The method 400 includes receiving a plurality of unfinalized event objects, where each unfinalized event object includes a validity start time and a validity end time that is initially undefined, at 402. For example, in FIG. 1, the system 100 may receive a plurality of unfinalized event objects (e.g., including the event object 104 having the validity start time of 1), where each unfinalized event object has a validity end time that is undefined (e.g., ∞). In an illustrative embodiment, each unfinalized event object is associated with an insert event as described with reference to FIG. 2.

The method 400 also includes generating a plurality of preliminary results with respect to the plurality of unfinalized event objects, at 404. For example, in FIG. 1, a plurality of preliminary results (e.g., represented by preliminary result objects such as the preliminary result object 116) may be generated.

The method 400 further includes receiving a punctuation event object including a punctuation timestamp indicating a time subsequent to the validity start times of each of the plurality of unfinalized event objects, at 406. For example, in FIG. 1, the punctuation event object 106 may be received. In an illustrative embodiment, the punctuation event object is associated with a CTI event as described with reference to FIG. 2.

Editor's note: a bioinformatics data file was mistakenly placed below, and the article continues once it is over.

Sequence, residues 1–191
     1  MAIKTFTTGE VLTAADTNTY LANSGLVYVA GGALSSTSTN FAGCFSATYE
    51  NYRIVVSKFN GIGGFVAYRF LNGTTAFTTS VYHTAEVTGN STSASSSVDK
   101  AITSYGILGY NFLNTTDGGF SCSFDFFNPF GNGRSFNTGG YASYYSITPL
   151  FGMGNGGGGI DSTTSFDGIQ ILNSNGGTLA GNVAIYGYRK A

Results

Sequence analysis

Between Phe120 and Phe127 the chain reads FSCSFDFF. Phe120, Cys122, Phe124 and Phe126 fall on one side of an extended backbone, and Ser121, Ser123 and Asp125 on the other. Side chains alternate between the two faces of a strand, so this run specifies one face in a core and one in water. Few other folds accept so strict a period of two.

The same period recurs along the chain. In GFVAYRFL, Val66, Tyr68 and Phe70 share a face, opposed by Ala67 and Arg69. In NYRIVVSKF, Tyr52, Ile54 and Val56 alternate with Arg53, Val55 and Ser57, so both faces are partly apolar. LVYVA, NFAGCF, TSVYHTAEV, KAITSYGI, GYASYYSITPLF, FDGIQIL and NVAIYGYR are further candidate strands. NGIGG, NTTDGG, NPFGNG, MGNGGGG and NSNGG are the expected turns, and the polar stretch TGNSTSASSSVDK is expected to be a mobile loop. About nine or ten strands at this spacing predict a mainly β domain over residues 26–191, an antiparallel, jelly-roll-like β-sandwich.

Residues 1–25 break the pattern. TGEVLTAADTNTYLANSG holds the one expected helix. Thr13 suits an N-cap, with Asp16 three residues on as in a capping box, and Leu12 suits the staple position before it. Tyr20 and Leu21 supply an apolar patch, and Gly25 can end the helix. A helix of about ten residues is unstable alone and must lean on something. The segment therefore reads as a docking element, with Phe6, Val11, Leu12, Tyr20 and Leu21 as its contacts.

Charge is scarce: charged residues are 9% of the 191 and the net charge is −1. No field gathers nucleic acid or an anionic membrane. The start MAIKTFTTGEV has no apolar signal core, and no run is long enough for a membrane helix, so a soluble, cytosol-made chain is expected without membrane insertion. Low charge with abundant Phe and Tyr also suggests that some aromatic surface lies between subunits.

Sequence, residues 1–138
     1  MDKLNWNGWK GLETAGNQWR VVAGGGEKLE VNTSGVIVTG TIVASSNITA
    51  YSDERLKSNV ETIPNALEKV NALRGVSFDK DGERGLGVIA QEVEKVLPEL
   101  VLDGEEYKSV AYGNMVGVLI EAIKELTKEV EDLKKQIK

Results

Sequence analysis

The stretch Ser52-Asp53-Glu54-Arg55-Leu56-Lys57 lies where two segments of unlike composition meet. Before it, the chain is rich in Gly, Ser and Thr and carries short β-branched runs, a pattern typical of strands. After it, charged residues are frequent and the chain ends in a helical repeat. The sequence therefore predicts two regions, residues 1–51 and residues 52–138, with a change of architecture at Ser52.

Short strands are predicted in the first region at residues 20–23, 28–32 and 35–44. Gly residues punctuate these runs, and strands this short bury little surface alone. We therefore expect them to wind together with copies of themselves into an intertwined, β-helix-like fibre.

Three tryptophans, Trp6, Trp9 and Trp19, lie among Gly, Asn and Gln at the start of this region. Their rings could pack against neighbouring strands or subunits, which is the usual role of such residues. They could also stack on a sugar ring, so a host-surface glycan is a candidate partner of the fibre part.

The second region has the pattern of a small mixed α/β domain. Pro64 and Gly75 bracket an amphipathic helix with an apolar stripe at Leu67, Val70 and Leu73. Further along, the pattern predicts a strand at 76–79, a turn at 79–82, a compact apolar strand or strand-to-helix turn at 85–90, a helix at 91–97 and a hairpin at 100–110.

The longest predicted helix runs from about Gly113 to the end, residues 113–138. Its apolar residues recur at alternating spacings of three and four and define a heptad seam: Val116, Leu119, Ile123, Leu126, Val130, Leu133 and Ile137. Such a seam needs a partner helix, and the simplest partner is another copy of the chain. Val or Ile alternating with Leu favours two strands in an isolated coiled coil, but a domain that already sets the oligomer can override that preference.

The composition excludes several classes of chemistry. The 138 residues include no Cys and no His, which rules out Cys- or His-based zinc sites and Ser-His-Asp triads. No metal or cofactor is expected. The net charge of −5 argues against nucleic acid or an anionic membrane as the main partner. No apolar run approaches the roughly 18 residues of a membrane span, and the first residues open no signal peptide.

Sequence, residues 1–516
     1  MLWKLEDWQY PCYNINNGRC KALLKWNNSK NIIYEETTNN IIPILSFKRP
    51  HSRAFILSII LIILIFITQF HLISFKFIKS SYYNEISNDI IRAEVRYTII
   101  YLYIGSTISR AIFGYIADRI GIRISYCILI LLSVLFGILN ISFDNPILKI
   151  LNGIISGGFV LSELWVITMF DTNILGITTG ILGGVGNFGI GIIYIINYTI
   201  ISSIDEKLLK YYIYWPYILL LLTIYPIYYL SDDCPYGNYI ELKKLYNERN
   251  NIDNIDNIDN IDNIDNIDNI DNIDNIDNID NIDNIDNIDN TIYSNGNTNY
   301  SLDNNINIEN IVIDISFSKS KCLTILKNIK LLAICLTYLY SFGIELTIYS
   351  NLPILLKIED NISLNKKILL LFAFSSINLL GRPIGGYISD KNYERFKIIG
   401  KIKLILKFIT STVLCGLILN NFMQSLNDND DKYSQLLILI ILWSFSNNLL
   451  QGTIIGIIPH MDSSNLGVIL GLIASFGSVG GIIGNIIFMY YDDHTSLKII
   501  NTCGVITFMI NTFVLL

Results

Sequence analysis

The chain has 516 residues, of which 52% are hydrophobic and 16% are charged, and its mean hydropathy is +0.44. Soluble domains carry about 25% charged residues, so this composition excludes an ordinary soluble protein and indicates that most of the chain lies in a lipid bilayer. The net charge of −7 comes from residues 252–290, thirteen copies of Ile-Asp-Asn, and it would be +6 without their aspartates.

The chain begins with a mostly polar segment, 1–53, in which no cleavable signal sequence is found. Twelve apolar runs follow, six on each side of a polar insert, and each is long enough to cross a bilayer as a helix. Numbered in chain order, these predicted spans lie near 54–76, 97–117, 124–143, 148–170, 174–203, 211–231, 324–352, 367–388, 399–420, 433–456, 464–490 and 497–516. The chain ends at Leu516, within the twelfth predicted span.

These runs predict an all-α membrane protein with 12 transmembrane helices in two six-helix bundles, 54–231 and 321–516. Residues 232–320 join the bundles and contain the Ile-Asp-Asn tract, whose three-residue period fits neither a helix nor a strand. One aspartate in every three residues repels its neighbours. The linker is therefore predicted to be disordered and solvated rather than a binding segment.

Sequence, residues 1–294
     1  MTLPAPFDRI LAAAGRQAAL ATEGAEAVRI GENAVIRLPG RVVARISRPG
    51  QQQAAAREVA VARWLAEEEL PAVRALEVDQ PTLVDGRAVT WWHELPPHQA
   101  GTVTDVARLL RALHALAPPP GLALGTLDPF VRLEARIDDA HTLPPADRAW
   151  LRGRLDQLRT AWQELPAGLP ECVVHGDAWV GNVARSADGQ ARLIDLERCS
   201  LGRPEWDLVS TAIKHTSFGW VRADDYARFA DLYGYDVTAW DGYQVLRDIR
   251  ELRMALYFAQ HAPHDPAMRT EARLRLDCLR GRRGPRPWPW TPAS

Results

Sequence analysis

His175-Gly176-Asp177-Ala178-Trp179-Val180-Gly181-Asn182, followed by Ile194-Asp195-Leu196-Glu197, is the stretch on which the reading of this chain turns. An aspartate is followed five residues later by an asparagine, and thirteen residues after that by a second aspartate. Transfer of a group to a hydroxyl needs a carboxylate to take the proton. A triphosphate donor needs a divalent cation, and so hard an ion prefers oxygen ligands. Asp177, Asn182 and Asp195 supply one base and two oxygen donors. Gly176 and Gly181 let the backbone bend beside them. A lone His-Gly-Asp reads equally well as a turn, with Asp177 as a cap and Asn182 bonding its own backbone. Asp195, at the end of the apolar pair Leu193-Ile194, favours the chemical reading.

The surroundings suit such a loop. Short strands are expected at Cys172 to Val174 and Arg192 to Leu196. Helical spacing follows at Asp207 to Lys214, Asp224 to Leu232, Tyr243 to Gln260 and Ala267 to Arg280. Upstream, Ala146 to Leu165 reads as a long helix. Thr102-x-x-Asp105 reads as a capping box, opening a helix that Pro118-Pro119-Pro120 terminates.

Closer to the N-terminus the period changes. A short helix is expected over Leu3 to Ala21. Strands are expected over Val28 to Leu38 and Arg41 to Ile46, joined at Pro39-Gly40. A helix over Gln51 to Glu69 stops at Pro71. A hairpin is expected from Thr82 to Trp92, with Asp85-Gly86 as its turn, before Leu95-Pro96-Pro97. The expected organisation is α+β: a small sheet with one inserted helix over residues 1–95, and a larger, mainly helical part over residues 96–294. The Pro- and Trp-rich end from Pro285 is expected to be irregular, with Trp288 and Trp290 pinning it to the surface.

The method 400 includes receiving a post-punctuation event object including a post-punctuation validity start time subsequent to the time indicated by the punctuation timestamp, at 408. For example, in FIG. 1, an event object having a validity start time of 2 may be received, where the time of 2 is subsequent to the time indicated by the timestamp “1+c.”

The method 400 also includes converting the plurality of unfinalized event objects to a plurality of finalized event objects by setting the validity end times of each of the unfinalized event objects to be equal to the post-punctuation validity start time, at 410. For example, in FIG. 1, the validity end times of the unfinalized event objects may be set from ∞ to 2. In an illustrative embodiment, the validity end times of the unfinalized event objects are set via lifetime shrink events as described with reference to FIG. 2.